Boston Uber Driver Charged With Kidnapping & Sexual Assault

A Boston Uber driver has been charged with sexual assault, battery, and the kidnapping of a young woman he picked up earlier this month — the latest in a series of disturbing stories about the car service.
On the night of December 6, Alejandro Done accepted a woman’s car request via the Uber app. He is accused of telling her that he could only take cash, driving her to an ATM, and then taking the woman to a secluded location where he locked the car doors and assaulted her in the backseat. The victim reported the incident, and Cambridge police arrested Done, who has been charged with rape, assault to rape, kidnapping, and two counts of assault and battery, according to a statement from District Attorney Marian T. Ryan’s office. Done is currently held without bail, and entered a not guilty plea.
"This is a despicable crime and our thoughts and prayers are with the victim during her recovery," Kaitlin Durkosh, an Uber spokesperson said. "Uber has been working closely with law enforcement and will continue to do everything we can to assist their investigation." The DA's office did not return requests for comment.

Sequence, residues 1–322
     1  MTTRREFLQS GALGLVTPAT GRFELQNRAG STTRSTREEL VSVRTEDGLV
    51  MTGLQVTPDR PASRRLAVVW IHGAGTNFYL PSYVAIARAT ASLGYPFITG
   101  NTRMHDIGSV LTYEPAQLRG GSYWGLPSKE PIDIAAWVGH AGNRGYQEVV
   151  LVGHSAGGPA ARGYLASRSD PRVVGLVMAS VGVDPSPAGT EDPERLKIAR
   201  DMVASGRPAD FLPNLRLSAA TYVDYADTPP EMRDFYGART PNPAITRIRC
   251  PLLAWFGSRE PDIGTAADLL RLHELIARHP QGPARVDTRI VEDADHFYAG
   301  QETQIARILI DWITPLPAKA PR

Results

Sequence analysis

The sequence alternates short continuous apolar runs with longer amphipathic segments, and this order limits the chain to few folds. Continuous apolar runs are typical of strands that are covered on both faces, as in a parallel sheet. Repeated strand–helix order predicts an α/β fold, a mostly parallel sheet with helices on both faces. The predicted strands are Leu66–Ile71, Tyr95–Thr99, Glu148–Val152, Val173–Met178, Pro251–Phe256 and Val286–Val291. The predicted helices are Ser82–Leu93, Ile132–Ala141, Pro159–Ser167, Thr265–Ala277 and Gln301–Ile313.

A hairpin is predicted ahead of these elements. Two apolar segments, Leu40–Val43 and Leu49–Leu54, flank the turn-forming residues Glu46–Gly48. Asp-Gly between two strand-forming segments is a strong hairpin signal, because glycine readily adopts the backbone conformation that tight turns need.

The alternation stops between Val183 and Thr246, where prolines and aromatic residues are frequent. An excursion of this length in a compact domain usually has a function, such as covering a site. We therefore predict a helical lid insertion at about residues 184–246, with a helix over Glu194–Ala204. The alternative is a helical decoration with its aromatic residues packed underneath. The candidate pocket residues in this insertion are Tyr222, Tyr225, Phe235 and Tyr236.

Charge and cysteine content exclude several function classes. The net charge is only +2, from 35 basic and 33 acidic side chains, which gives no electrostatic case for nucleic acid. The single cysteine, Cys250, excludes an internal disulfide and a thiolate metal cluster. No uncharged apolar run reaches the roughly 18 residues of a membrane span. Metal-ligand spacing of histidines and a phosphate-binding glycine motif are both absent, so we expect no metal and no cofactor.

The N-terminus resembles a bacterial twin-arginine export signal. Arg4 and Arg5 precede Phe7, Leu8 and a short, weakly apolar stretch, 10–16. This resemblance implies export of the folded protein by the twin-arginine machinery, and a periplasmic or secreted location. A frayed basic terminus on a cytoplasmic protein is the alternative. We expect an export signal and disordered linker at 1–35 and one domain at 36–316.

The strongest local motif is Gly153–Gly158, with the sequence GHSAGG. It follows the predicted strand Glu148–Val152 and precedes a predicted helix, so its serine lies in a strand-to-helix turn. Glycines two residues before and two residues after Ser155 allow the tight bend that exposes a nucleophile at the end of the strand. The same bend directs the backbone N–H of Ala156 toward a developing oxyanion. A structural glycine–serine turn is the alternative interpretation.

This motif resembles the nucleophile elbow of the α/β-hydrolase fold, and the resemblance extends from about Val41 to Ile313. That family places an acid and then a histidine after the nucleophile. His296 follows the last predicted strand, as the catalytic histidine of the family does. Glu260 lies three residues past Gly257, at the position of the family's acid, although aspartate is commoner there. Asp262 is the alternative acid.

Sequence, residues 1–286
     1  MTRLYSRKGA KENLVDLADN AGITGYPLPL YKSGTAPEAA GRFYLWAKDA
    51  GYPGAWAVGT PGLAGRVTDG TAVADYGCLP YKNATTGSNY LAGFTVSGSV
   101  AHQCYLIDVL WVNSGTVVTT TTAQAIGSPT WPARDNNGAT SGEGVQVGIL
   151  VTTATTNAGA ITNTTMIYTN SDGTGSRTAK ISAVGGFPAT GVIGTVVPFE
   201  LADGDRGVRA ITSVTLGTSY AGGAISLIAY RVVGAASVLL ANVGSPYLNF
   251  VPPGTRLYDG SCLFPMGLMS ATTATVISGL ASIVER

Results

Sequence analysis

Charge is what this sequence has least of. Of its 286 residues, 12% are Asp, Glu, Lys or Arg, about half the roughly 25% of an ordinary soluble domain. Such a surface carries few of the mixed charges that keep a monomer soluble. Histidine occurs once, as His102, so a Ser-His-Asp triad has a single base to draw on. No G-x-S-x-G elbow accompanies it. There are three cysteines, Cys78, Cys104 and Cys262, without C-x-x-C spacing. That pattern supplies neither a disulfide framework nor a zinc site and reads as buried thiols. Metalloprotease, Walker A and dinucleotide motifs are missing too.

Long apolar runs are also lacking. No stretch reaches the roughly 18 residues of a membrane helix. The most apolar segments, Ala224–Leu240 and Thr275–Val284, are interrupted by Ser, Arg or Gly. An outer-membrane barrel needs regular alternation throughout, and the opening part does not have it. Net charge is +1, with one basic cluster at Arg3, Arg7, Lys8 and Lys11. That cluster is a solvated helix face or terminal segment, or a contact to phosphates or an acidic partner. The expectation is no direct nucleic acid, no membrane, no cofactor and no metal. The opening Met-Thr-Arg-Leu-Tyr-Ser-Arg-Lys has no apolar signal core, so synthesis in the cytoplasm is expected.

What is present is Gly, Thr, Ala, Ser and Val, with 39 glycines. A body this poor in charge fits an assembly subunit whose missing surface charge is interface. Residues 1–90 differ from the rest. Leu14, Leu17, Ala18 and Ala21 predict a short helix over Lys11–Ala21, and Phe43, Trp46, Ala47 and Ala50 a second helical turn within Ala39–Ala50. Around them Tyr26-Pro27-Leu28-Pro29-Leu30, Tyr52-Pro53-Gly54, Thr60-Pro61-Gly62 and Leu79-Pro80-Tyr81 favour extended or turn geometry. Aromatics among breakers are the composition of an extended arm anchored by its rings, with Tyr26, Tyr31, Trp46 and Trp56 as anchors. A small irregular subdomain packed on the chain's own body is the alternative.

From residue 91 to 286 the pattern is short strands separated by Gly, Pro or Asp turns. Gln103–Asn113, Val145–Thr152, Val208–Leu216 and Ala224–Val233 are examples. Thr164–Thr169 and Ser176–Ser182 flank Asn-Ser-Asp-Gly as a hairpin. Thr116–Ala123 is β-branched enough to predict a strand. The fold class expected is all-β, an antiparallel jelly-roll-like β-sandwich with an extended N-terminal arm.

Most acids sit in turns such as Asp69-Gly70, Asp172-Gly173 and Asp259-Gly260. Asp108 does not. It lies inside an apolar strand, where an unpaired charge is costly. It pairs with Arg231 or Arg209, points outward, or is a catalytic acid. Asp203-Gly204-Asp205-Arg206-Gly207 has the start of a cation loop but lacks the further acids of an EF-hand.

This isn’t the first incident in Boston as of late: There have been a smattering of rideshare and car service-related assaults lately, ranging from women who have mistakenly stepped into the wrong vehicle to riders who have fallen asleep and found themselves being touched inappropriately. Not that the issue is only stateside, either: Last month, an Indian woman was allegedly raped by an Uber driver in New Delhi. Both the Boston driver, Done, and the driver in New Delhi had passed Uber's background check.
These stories would be horrific enough in a vacuum, but they join a spate of dispiriting reports about the company. In late November, an Uber exec told a dinner table full of people that he wanted to spend "a million dollars" to expose dirt on journalists who'd written negative stories about the service. He singled out one young woman he thought especially worth targeting, which points to the second Uber scandal: The company has the name, address, and travel history of each of its riders. With that data, it could piece together where you're going and when, whether it's to Planned Parenthood or to visit an old lover late at night — and it may not be protecting that data very well.

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